The debate is on to decide which is tougher Preliminary or Main Examination. This issue has more relevance looking at the fact that after making Preliminary Examination Paper II qualifying, the outcome depends on Preliminary Examination Paper I and marks secured from total 200 marks decides your fate.
To start with, it is a very subjective question and it depends on individual how they perceive about both two different ways of evaluation they face in Preliminary and later, Main Examination.
Although, Preliminary Examination is a screening test still, its importance can’t be ignored as you get chance to move to next level once you clear the first stage – Prelims.
Moreover, you are facing competition about which you are totally ignorant and with an effective preparation only you can expect to have a competitive edge.
It all depends on the marks you obtain in Preliminary Examination General Studies Paper I out of total 200 marks. When base narrows down, more pressure is build-up thus makes scene more challenging.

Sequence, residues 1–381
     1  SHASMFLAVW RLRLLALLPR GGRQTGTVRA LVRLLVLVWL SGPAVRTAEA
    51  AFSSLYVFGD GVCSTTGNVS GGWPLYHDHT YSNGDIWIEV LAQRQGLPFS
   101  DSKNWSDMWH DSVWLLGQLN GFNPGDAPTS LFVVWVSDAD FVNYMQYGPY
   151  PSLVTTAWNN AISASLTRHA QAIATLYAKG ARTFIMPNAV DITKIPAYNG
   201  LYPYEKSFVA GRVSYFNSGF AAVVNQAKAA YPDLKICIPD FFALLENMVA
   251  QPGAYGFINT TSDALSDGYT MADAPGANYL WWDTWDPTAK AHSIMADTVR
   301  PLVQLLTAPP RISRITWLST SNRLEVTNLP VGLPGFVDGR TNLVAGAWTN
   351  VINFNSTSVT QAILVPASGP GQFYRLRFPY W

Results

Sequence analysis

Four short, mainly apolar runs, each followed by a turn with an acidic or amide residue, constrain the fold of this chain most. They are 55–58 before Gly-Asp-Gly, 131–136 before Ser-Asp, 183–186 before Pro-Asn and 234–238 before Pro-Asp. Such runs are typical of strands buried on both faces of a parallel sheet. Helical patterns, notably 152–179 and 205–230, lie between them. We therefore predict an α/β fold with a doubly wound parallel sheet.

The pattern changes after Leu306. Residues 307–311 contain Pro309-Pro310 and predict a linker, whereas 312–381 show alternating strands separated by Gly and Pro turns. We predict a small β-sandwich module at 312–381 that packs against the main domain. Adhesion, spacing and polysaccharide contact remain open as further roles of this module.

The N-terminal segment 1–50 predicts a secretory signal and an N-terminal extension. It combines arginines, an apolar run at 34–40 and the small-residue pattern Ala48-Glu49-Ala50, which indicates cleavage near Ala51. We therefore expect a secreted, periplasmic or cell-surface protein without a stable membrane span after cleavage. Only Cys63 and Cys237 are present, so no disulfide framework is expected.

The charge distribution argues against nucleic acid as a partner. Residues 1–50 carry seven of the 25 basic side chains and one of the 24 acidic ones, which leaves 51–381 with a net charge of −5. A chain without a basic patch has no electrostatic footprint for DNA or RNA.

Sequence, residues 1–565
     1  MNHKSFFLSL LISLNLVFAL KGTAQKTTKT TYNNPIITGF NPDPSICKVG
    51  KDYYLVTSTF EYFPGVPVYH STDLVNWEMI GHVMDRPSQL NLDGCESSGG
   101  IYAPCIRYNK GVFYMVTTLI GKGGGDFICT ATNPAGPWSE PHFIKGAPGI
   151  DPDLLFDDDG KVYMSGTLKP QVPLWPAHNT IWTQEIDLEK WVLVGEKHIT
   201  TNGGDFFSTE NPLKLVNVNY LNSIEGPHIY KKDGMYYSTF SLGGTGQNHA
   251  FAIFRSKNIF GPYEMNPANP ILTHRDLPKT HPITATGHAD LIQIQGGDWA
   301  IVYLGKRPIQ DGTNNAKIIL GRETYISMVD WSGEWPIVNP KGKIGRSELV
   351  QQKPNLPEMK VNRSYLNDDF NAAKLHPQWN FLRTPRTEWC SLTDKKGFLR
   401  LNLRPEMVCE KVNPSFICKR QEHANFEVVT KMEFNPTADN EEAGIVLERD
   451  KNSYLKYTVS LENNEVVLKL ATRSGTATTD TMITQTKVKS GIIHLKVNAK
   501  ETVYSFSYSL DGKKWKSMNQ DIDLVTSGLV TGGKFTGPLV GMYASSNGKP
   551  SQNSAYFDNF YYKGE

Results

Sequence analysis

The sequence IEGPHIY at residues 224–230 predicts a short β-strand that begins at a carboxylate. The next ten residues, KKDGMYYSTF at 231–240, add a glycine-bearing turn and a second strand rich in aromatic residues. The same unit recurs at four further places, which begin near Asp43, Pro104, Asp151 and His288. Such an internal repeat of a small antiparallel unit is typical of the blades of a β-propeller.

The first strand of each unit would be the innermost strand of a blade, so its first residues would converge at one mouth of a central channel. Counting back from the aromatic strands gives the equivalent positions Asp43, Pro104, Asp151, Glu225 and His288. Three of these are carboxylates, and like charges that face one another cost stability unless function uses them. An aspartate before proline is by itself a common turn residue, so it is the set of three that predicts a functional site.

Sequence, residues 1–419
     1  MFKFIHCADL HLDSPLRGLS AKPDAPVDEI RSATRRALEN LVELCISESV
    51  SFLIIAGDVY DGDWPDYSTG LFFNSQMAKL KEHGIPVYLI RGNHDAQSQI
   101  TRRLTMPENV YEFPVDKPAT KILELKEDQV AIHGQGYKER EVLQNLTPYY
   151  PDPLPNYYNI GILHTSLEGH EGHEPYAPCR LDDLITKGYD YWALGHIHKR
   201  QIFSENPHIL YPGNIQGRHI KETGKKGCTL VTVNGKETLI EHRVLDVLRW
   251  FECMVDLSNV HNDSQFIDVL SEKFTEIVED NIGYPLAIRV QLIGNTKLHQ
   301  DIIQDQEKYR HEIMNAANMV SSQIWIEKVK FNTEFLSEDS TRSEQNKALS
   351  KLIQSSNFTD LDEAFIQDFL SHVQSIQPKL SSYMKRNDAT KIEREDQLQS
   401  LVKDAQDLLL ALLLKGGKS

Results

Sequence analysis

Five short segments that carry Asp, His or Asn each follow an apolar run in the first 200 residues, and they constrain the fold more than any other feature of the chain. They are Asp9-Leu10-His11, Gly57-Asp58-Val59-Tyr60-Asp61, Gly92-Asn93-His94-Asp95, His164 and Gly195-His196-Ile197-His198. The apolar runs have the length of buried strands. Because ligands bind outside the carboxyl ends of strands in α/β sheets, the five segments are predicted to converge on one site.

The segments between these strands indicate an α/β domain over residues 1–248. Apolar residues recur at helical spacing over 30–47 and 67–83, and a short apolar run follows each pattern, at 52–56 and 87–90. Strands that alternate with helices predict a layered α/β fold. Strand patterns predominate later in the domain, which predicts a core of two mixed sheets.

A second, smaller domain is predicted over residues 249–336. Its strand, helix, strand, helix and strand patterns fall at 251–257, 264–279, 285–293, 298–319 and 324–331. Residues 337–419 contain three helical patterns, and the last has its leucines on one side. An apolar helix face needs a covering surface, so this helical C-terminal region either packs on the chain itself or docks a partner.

There is no scope for being complacent; you have to have a decent show that takes you to next stage; otherwise, you will have to wait for another year to face the same sequence.
In Civil Services (Preliminary) Examination 2015 cut-off was 107.34 marks; so, keep your target higher than this to expect positive outcome.
Hope you have prepared well for Prelims
The recent changes support the suggestion of adopting integrated approach (Prelims + Mains) while preparing for Civil Services Examination. As such, the exam-plan doesn’t allow you to look at Civil Services Examination stage-wise.
The way questions are being framed, now Preliminary Examination requires extensive study approach as you need to achieve maximum breadth, but not too much depth.
Those who understand this are able to perform better at Preliminary Examination and are able to manage the burden effectively.
How to face the situation?
You have to be careful while attempting questions and more watchful while marking it on answer-sheet.
You need to have a strategy for attempting question paper and will have to keep negative marking in mind.
For Hindi medium and vernacular language candidates who were not able to understand the evolving requirements, thus have not been able to effectively tackle the Prelims in past five years; it has proved to be a bottleneck and most of them fumbled at the first staged itself.
Hope this time Hindi medium and vernacular language candidates are better prepared with an effective coverage of syllabus at the same time are equipped with skills and techniques to face it confidently.